Groups Take on Meatpacking Industry to Defend Country of Origin Labeling
Four groups representing farmers, ranchers, rural communities and consumers filed court papers on Friday, to defend mandatory Country of Origin Labeling (COOL) from a spurious lawsuit filed by the meatpacking industry. R-CALF USA, Food & Water Watch, the South Dakota Stockgrowers Association (SDSGA) and the Western Organization of Resource Councils (WORC) petitioned the court to allow them to intervene and defend COOL.
Country of Origin Labeling was included in the 2002 and 2008 Farm Bills, but it has been under constant attack from domestic and foreign meatpackers that do not want consumers to know where their food is from and do not want to pay American farmers and ranchers a fair price for their livestock.
“Our interest is in preserving COOL for generations to come,” said Silvia Christen, SDSGA executive director. “The COOL regulation that requires the meat labels to list each country where livestock was born, raised and harvested benefits U.S. cattle and sheep producers who can differentiate and promote American born and raised livestock in an increasingly international supermarket meat case.”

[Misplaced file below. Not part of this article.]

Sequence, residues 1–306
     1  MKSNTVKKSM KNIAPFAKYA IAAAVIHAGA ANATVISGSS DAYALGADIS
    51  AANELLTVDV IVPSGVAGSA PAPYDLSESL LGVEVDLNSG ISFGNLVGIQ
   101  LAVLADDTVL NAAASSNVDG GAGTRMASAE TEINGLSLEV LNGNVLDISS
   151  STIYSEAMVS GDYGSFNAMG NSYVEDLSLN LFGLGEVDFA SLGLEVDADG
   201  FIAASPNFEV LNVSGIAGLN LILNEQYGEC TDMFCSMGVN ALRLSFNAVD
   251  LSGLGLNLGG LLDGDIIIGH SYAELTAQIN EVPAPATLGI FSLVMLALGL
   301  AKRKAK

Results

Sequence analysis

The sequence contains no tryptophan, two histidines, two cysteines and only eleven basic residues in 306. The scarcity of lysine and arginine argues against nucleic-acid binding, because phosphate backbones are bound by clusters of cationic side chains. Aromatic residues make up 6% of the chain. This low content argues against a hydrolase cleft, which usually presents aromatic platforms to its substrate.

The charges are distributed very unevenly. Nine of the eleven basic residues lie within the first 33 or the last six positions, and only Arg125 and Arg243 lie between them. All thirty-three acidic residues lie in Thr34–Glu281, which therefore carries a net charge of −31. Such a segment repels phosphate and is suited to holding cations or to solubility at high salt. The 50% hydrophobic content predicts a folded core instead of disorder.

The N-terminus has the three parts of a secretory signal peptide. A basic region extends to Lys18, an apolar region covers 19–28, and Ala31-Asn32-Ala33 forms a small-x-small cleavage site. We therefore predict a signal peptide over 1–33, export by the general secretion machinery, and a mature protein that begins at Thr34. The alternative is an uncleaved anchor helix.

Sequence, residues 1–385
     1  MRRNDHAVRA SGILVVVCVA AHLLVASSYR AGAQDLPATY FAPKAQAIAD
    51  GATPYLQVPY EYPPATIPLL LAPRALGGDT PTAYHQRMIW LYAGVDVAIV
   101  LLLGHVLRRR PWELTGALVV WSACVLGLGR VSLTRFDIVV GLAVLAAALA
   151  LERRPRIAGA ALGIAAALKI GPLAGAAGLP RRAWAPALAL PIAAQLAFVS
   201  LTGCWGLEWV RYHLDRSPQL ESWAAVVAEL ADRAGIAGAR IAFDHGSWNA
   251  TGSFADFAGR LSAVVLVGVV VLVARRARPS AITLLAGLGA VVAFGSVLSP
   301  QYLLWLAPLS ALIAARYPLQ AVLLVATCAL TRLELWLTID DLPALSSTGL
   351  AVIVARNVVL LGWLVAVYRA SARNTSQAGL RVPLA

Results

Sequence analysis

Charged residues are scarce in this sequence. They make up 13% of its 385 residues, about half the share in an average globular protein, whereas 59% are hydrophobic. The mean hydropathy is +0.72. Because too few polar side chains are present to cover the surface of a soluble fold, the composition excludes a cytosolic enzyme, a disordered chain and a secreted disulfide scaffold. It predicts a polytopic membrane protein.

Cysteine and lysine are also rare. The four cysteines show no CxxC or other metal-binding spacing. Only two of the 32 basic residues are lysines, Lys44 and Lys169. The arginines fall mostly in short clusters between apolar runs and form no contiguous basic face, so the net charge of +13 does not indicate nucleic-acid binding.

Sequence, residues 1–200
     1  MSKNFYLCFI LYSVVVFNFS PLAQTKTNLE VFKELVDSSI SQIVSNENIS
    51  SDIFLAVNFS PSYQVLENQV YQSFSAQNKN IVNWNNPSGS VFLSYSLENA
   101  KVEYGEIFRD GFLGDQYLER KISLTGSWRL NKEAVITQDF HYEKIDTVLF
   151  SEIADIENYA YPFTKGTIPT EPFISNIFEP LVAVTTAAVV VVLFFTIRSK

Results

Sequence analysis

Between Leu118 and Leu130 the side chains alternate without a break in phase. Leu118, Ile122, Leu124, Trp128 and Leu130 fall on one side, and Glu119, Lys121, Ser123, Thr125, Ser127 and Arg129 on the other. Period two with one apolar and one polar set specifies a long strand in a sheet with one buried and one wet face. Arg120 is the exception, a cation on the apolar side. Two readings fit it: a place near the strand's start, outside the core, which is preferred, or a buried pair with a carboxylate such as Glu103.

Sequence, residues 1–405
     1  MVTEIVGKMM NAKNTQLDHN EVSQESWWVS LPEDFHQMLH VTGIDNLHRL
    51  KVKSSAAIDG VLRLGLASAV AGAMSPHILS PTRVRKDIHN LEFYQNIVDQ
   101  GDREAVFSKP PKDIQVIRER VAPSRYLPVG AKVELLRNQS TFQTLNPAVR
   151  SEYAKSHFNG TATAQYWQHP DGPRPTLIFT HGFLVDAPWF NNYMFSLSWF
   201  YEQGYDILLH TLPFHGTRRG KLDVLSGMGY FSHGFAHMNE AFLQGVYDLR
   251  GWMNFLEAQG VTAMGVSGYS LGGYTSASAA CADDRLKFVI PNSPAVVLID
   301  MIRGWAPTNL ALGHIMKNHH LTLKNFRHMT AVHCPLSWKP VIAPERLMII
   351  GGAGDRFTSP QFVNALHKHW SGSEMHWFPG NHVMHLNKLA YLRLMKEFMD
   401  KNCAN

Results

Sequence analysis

The meatpackers allege in their lawsuit that the final 2013 COOL rules violate their constitutionally protected rights to freedom of speech, that the labels were not specifically authorized by the Farm Bill and that COOL labels provide no benefit to consumers.
Photo courtesy of Shutterstock
“The meatpackers are demanding a first amendment right to deceive consumers by insisting on vague and misleading labels that do not let consumers choose all-American beef, pork and lamb products,” said Food & Water Watch Executive Director Wenonah Hauter. “Consumers overwhelmingly support, use and deserve Country of Origin Labeling because they want to know the source of the food they are feeding their families.”
The meatpackers’ filed their lawsuit to prevent the United States Department of Agriculture (USDA) from implementing the final 2013 COOL rules, which requires muscle cuts of beef, pork, lamb and goat meat to display where the animal was born, raised and slaughtered and prohibits the confusing “commingled” mixed-origin label that has allowed meat from all-American born and raised livestock to be labeled as if it were a product of multiple countries, like “Product of USA, Canada” or “Product of Mexico, USA.
“Retaining the USDA’s 2013 rules as law of the land will ensure that a U.S. label stands for family tradition, quality, pride and a safe and wholesome product by allowing consumers to truly know when a product is born, raised, and slaughtered in the U.S.,” said Wilma Tope, a rancher for 30 years near Aladdin, WY, who submitted an affidavit in the suit and is a member of the WORC affiliate, the Powder River Basin Resource Council.